OK, full admission: I am a tech snob. I spent my whole career in tech, and am really good at learning and using software. I started my tech career teaching how to use tools like Microsoft Word in the early 90’s, so I know keyboard shortcuts like the back of my hand. So, when I’m asked about writing tools by other budding novelists, I proudly talk about writing in Word, outlining in Excel, and note-taking in Evernote.

But Doug did a quick 10 minute demo of how he uses Scrivener, and the scales fell from my eyes. Yes, that is a little hyperbolic, but seriously–the software rocks. What inspired me to today’s particular procrastination while figuring out the revisions to part one of my novel The Halting Problem was the extra trick that Doug taught us: tagging the POV of each chapter.

Since Scrivener allows you to break up a manuscript into independent documents representing scenes or chapters (which are equivalent for my manuscript), you can see how the manuscript flows at a scene level. And that is very useful, but Doug’s trick of color tagging POV is even more important, as it allows me to think about the impact of whose voice is relating each chapter.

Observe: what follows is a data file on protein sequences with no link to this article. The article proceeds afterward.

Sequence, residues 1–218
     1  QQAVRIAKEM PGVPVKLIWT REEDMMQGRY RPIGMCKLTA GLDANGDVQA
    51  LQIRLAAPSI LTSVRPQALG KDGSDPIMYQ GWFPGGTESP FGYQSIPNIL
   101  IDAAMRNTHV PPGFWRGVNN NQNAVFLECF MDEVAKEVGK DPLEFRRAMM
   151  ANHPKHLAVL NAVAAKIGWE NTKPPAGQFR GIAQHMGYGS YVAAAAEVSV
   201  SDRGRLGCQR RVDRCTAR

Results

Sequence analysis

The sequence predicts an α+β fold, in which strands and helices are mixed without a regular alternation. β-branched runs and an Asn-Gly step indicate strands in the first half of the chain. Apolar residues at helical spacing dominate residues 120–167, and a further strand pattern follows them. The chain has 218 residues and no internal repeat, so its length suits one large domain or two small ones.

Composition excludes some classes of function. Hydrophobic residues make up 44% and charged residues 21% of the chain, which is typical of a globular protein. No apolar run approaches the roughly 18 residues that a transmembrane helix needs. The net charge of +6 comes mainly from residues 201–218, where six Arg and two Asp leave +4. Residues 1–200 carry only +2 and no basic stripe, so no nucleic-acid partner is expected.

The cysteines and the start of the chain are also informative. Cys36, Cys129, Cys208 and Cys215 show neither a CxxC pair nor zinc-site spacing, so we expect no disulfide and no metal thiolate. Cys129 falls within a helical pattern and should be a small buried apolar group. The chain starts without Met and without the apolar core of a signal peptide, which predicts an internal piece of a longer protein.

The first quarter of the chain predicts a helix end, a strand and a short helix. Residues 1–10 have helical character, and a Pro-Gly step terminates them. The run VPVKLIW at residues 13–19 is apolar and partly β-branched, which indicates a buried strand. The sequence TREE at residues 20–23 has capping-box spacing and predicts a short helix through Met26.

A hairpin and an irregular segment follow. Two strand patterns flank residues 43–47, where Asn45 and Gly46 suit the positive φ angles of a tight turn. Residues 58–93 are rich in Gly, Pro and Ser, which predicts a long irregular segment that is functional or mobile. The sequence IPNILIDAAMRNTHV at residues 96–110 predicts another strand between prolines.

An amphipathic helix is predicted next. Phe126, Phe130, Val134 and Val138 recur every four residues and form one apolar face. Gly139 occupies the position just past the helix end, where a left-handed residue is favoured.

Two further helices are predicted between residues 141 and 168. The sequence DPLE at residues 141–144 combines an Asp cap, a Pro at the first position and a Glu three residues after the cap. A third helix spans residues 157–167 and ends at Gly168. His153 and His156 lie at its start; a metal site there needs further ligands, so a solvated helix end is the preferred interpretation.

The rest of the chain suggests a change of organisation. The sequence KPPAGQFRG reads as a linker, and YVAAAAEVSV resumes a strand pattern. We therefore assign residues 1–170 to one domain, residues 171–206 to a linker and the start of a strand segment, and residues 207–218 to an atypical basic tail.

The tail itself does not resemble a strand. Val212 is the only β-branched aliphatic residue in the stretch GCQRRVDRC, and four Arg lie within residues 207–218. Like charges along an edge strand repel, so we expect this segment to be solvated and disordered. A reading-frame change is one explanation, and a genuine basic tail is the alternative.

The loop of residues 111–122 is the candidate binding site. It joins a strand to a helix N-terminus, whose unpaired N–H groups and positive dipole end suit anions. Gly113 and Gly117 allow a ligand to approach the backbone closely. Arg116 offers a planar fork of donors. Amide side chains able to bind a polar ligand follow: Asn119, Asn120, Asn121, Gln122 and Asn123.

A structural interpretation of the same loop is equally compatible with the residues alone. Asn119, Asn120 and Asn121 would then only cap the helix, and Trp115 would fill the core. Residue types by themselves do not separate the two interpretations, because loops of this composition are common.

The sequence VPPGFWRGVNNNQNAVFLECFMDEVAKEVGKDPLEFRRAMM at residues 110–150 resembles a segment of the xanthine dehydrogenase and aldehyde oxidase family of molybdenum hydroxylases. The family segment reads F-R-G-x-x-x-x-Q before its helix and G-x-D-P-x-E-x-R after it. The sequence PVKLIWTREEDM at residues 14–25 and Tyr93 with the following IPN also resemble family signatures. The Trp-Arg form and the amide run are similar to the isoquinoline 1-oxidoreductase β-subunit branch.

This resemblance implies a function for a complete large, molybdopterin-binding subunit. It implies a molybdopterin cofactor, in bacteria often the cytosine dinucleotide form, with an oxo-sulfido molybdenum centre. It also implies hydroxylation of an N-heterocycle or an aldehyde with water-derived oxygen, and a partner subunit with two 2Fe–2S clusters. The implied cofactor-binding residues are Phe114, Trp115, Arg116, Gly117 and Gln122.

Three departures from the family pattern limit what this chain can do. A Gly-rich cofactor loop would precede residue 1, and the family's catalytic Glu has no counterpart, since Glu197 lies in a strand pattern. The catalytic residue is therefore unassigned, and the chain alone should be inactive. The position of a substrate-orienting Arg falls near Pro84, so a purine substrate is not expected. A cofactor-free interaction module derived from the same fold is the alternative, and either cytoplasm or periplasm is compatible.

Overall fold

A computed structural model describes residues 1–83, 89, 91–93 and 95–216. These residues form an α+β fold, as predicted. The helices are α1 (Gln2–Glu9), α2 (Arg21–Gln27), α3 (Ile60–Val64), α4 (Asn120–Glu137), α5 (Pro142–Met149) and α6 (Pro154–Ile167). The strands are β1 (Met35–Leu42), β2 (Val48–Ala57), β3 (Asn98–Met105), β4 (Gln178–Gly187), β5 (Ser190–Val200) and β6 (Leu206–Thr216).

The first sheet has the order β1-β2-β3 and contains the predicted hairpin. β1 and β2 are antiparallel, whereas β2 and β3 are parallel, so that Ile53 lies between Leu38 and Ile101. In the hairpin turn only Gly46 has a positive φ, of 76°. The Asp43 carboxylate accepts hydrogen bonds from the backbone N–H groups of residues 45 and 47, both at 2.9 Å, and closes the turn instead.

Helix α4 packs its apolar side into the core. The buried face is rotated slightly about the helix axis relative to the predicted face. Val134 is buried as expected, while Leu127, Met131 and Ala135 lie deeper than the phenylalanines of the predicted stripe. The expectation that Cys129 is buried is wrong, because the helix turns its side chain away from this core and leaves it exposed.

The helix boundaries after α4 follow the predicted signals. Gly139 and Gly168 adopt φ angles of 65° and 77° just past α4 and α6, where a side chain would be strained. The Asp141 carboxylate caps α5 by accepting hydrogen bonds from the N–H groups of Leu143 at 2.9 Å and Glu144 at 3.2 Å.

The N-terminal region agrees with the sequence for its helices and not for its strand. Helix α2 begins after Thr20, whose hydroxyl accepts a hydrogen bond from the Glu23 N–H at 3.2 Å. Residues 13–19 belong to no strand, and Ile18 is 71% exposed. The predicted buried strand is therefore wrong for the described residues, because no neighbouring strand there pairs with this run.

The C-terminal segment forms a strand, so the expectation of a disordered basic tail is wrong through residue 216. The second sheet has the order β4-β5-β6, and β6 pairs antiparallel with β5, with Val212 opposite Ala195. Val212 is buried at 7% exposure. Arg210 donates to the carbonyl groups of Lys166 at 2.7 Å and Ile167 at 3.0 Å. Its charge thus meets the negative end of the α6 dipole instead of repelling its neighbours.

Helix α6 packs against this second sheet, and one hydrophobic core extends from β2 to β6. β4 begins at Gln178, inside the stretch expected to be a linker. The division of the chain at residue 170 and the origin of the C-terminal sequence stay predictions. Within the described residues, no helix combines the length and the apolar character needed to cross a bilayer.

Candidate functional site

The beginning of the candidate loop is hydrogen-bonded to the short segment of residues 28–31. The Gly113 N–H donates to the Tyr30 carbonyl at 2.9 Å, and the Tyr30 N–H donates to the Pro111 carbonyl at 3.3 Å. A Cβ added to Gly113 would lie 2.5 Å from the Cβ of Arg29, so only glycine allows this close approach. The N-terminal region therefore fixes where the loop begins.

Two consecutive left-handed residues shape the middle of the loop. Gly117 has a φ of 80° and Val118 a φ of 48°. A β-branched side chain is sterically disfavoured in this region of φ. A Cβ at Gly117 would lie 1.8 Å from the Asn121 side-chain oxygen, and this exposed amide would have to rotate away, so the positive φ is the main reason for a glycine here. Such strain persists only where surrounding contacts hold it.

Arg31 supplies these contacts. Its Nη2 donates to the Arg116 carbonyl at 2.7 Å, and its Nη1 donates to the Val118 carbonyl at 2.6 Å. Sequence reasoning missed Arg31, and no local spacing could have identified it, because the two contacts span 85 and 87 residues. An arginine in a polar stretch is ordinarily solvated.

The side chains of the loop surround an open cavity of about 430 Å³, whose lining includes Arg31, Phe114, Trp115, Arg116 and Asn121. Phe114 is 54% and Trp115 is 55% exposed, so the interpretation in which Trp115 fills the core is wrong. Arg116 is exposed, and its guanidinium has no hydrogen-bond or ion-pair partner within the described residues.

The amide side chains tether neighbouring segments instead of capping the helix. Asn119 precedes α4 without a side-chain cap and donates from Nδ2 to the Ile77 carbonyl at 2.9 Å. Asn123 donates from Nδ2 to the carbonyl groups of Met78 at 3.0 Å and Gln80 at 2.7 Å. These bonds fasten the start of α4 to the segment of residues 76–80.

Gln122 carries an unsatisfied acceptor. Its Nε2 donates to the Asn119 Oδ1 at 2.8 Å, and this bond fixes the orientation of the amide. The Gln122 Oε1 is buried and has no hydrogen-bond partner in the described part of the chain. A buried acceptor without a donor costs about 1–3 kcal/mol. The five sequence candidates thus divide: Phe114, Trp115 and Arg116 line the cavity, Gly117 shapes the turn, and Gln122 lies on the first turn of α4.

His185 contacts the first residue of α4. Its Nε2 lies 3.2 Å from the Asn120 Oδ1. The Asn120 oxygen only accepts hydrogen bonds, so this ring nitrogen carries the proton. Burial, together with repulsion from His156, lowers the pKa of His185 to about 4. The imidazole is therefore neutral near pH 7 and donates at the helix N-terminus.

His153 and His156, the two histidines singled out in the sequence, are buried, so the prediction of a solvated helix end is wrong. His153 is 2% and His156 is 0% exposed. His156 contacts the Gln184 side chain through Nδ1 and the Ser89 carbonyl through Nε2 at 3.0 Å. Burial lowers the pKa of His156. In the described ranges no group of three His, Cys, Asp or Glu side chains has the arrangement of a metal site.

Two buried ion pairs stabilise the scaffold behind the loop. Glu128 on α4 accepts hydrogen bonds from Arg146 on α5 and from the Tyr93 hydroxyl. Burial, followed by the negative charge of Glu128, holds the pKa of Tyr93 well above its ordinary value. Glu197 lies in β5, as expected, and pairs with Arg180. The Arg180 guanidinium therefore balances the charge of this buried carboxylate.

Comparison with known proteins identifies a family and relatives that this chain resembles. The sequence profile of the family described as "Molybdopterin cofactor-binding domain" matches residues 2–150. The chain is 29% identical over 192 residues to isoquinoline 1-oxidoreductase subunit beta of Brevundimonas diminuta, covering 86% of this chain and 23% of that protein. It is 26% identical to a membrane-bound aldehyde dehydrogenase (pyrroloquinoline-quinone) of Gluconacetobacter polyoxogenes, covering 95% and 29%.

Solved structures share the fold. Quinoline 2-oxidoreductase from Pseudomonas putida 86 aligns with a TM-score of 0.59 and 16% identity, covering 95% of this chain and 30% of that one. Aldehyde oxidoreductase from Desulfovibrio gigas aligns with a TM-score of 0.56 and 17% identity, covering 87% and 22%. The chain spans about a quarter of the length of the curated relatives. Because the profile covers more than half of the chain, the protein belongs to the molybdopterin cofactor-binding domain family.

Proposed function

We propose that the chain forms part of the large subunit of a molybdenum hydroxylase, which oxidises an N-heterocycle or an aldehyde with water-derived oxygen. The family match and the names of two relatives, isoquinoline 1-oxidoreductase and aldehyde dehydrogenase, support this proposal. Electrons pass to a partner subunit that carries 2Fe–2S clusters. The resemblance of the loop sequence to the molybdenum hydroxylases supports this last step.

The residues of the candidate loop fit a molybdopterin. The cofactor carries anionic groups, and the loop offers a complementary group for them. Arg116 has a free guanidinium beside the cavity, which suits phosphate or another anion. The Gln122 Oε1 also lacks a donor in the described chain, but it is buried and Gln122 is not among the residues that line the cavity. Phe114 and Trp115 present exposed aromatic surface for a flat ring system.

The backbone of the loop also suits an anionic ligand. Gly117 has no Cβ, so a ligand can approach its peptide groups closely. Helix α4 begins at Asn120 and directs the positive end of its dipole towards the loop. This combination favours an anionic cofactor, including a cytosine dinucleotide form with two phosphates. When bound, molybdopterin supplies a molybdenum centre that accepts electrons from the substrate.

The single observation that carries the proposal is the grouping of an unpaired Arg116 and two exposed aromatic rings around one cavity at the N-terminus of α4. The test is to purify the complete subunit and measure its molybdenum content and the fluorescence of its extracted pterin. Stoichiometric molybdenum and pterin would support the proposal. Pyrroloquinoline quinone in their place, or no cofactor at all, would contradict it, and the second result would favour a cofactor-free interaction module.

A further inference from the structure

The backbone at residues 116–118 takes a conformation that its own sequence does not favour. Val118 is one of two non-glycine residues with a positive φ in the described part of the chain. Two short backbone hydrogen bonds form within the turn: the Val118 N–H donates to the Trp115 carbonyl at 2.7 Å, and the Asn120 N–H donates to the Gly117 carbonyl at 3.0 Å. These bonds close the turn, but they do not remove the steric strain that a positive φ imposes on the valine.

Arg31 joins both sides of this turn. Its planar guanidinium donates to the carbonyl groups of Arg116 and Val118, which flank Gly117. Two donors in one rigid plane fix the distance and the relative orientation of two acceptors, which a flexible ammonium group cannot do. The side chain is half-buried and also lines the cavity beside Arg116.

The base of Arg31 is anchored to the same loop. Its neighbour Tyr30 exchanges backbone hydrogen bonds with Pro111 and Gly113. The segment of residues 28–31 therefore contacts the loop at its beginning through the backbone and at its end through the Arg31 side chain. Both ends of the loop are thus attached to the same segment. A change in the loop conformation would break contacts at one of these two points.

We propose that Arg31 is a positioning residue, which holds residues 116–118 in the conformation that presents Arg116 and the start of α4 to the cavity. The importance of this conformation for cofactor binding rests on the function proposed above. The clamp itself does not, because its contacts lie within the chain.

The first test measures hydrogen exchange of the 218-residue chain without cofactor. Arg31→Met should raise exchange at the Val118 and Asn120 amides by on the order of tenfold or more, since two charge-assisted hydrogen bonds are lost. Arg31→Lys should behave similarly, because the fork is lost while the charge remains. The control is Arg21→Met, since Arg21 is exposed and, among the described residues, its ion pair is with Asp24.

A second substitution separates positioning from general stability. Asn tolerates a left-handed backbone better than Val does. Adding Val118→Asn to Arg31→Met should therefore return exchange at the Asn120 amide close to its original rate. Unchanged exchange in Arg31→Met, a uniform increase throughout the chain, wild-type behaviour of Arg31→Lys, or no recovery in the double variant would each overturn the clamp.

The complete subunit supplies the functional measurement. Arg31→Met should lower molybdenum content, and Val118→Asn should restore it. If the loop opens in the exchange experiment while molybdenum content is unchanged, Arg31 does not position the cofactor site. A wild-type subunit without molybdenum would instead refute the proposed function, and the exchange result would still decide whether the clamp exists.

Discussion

And why did that make a big difference for me? Because it forces me to think about voice in each POV: a collection that includes a female graduate student, her male Harvard humanities housemate, her MIT research advisor, and a running-to-catch-up FBI Special Agent, among others.  Who best to tell each story, move each plot element forward, build action, delay information, challenge reader expectations?

The tool is forcing me to become a more aware writer when I am tackling the very real challenge of being a novelist, what Walter Mosley in his ThrillerFest keynote so perfectly identified: your novel is bigger than your head. Trying to make these meta-level edits is already hard enough, and any help is very much appreciated.

So, thanks Doug!